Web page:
The Bill will support the development of a good curriculum and qualifications system. By establishing Ofqual, we want to create a strong, respected and independent regulator so that standards are maintained and are seen to be maintained. Ofqual needs to make judgments about standards without fear or favour, so, like Ofsted, it will report directly to Parliament. The Bill will give Ofqual all the powers that it needs to safeguard standards of exams and tests and to speak out if standards come under threat. This is crucial to maintaining public confidence. Ofqual will inherit this regulatory role from the Qualifications and Curriculum Authority, which will evolve into the Qualifications and Curriculum Development Agency. This will be the Government’s expert adviser on qualifications, the curriculum and assessments, and it will deliver national curriculum tests.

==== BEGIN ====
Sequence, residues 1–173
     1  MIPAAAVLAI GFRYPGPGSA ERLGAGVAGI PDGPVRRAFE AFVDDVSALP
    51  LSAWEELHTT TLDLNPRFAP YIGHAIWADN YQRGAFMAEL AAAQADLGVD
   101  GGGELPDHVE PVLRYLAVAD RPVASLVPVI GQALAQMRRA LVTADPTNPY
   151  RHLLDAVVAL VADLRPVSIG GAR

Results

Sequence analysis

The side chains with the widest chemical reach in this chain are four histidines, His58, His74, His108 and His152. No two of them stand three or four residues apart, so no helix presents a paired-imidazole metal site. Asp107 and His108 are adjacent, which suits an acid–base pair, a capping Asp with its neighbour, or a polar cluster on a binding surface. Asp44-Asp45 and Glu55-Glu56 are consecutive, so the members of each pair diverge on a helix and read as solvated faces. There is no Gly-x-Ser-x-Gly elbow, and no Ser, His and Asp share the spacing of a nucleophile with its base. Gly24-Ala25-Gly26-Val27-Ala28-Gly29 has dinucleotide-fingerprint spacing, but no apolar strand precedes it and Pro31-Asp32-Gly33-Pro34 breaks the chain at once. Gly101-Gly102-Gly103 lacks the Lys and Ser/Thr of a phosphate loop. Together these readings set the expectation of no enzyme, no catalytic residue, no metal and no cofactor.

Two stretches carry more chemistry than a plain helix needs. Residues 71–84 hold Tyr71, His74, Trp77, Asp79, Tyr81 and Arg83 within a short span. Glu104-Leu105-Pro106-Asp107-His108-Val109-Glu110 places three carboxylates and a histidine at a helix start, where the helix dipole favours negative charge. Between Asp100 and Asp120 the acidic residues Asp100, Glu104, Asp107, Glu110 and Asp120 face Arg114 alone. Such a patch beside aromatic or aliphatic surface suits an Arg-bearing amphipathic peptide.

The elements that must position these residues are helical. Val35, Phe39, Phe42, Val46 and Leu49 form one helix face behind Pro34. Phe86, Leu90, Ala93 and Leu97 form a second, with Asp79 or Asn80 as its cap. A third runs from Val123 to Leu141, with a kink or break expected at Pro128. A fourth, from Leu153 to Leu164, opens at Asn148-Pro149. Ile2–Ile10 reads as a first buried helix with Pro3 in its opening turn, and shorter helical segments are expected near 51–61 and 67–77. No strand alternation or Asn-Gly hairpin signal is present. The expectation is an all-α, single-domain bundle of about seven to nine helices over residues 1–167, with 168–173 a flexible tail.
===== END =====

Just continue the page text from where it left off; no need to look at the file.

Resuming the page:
We know that education and training play a vital role in young offenders’ resettlement and life chances, so the Bill takes the historic step of ending the

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disapplication of primary education law to young people in custody. Local authorities will take on the responsibility for learning in custody alongside their mainstream responsibilities, and will ensure that as far as possible young people in custody are offered the same learning experience as those in the community.